Novel: Station Eleven by Emily St. John Mandel

It’s only February, but I wouldn’t be surprised if Emily St. John Mandel’s Station Eleven (2014) ends up as my favorite read of the year. This literary science fiction novel about the end of modern civilization is insightful, compelling, profoundly haunting, and heart-breakingly beautiful.

A fast-spreading, worldwide epidemic called the Georgia Flu quickly and ruthlessly wipes out most of the world’s population. The story temporally orbits a night of theater at the outbreak’s North American ground zero, Toronto, where world-famous movie star Arthur Leander is wrapping up a run as King Lear. Arthur’s last performance proves to be the fulcrum for the complex narrative, which reaches into the past to examine the time leading up to the collapse, and probes into the future to depict the epidemic’s dark aftermath. In the latter track, young actress Kirsten Raymonde — who, as a child, shared a stage with Arthur on that fateful, final night — performs in a traveling theater troupe that tours the primitive settlements of Michigan. From this bleak future, Mandel weaves an intricate tale that ties together the pre- and post-collapse storylines, cycling back to a vividly realized transitional period when the world shockingly, fascinatingly comes unraveled.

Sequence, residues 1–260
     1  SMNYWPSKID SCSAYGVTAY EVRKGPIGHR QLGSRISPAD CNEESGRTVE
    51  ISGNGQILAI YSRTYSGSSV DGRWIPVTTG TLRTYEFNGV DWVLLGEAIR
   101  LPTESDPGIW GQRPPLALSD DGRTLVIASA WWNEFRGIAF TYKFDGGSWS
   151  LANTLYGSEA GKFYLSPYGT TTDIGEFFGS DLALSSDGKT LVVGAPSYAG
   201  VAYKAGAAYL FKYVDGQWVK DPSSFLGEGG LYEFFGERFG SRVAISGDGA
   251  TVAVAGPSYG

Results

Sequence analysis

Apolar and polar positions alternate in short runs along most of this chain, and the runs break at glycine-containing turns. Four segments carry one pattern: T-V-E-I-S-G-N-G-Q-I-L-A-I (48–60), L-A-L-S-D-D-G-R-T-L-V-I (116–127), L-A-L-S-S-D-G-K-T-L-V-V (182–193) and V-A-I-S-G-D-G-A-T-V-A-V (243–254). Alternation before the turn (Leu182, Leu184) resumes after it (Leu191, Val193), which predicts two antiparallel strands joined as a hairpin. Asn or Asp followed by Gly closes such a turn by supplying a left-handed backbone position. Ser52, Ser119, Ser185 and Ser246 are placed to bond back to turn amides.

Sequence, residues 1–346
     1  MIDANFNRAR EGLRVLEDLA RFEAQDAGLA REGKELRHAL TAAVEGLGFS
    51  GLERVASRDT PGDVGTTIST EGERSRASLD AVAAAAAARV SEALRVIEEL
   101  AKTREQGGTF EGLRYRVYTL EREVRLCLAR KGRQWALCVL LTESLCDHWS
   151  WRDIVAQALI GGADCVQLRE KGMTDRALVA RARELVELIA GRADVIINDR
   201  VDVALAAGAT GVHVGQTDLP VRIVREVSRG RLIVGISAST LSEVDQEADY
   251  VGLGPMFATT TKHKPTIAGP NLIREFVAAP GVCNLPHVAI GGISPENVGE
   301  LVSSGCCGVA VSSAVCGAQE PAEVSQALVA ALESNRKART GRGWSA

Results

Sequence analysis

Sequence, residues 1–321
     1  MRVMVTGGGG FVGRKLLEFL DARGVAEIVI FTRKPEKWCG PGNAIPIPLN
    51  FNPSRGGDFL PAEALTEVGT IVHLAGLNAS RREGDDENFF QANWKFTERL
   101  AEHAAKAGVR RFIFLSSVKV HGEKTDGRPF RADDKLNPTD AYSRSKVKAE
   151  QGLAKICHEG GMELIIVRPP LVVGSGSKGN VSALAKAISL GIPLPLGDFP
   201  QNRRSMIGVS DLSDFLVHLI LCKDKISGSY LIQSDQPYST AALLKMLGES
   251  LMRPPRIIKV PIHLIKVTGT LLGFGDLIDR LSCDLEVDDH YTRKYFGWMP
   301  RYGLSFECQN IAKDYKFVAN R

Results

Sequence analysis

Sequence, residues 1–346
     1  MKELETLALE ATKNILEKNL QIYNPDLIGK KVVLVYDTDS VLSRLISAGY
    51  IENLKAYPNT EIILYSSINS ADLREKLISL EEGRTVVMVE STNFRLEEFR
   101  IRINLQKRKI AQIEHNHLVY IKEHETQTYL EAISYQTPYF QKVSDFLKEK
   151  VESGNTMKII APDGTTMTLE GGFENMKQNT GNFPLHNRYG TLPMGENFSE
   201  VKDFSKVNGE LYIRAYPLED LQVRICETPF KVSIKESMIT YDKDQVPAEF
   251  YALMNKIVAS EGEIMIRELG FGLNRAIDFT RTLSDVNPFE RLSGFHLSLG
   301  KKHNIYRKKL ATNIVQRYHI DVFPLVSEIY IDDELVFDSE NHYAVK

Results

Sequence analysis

Station Eleven has a lyrical, literary sensibility, but stirs in plenty of thought-provoking science fictional thinking; Mandel is clearly comfortable with both mainstream and genre protocols. Her prose manages to blend clear, concise story-telling with finely wrought turns of phrase and moments of devastating beauty. Her characters are real and sympathetic and deftly interconnected by events. The story is structurally breathtaking, but also thematically rich, thrusting the reader into wrenching, eye-opening insights about the marvels of the world by imagining a future where those very marvels have all tragically fallen away. It’s a stunning novel, and one I won’t soon forget.

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